May 03, 2006
Last night as a result of the suicide survivor’s group I’m attending, I came to a new understanding about faith. Or perhaps I should say the beliefs that sustain or hinder a person’s faith. For much of my life I have struggled with what I now call dogmatic religious beliefs. I’ve never been one to accept things merely at face value, especially if there was no supporting argument except for, “you just have to believe.’
Several years ago I ran across a quote from Reverend William Sloane Coffin that states, “Faith is not belief without proof, faith is trust with out reservation.” This simple statement has given me a entirely new outlook on matters of belief and faith. Perhaps it is only a semantic game, but I can easily trust without reservation things I couldn’t begin to believe without proof.
One of the key things I trust is that we all have multiple lives, that we are destined to instantiate on this physical plane again and again, learning lessons while traveling along a path towards achieving a state of complete grace and love. I have believed this to be true since the first time I read Jonathan Livingston Seagull at age fourteen. Other books, Illusions among them, and discussions with Michele and others, have given me a sense of peace about why I am here and where I am going.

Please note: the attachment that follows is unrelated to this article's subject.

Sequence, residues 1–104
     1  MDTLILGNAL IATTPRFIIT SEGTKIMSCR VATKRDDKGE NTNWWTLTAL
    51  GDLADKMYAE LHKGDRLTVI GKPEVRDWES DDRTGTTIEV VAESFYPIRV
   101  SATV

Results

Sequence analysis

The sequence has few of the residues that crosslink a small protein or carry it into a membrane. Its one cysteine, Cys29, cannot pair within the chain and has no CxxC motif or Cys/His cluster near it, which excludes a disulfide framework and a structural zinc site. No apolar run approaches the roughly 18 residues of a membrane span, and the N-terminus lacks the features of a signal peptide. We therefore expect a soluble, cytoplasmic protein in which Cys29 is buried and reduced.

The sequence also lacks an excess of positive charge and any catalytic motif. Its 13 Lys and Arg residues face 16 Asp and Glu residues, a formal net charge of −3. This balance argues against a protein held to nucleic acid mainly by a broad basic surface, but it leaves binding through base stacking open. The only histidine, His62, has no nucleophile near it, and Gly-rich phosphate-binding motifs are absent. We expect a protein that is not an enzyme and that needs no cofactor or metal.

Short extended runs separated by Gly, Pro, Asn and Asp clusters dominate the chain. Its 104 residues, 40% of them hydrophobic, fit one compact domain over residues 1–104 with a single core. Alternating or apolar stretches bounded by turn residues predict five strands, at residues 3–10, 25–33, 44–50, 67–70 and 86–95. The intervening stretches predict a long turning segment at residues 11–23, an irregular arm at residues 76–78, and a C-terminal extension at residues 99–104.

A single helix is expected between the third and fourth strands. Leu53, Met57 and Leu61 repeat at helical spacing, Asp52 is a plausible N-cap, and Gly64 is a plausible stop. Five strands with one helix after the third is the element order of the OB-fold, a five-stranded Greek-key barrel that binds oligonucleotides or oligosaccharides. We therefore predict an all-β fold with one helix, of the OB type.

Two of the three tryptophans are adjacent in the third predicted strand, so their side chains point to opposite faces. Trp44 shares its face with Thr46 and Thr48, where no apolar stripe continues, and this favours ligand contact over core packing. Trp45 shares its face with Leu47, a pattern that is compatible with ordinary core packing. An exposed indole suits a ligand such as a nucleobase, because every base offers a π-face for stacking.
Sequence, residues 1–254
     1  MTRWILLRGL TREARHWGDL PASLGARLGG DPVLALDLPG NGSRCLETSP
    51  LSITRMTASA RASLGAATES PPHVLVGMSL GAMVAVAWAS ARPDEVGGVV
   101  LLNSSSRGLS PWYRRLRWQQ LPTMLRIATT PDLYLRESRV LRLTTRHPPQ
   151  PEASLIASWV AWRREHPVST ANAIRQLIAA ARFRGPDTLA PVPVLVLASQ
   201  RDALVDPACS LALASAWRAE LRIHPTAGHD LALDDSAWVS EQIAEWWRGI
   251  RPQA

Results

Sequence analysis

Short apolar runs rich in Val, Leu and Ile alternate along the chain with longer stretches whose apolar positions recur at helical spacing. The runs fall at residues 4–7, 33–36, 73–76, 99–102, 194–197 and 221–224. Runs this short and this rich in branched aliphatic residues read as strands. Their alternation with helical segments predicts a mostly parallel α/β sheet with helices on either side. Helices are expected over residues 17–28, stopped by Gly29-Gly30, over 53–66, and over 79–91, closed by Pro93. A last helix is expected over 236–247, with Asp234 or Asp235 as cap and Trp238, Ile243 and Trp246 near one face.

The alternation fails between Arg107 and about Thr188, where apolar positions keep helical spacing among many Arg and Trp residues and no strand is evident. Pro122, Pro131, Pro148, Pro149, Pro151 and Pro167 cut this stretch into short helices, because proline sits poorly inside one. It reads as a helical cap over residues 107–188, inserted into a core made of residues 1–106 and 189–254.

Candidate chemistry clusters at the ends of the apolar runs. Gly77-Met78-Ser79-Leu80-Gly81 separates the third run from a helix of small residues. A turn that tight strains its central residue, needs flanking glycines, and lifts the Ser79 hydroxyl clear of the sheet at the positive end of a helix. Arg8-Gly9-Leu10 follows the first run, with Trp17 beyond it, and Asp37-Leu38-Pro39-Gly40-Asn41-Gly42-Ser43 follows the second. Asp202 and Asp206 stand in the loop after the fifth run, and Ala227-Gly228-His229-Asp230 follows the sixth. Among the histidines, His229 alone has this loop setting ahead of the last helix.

Believing, as I do, that this current lifetime is but one step on a path stretching far into the distance, makes it easier to accept Michele’s death. I still feel pain and sorrow, and not a day goes by that I don’t want her back her with me. But I know in my heart, and in my soul, that she is okay. Moreover, I know I will rejoin her between the end of my current lifetime and the start of my next one. Perhaps she will even play a role in my next lifetime.
Where the group experience really hit me last night was seeing just how damaging to a person a dogmatic belief system can be, particularly if it is accepted with out question. At least two of my fellow survivors are really struggling to move past the mere idea of suicide, let alone the suicide of a loved one. My thought is that having been conditioned to accept things without question by their faith, they are ill-equipped to face a world filled with events that acceptance along cannot reconcile. More sobering than this thought is the question I am now asking myself: where in my own life am I as blindly accepting of beliefs or ideas detrimental to me, as they are of a religious foundation that is hindering them rather than helping them?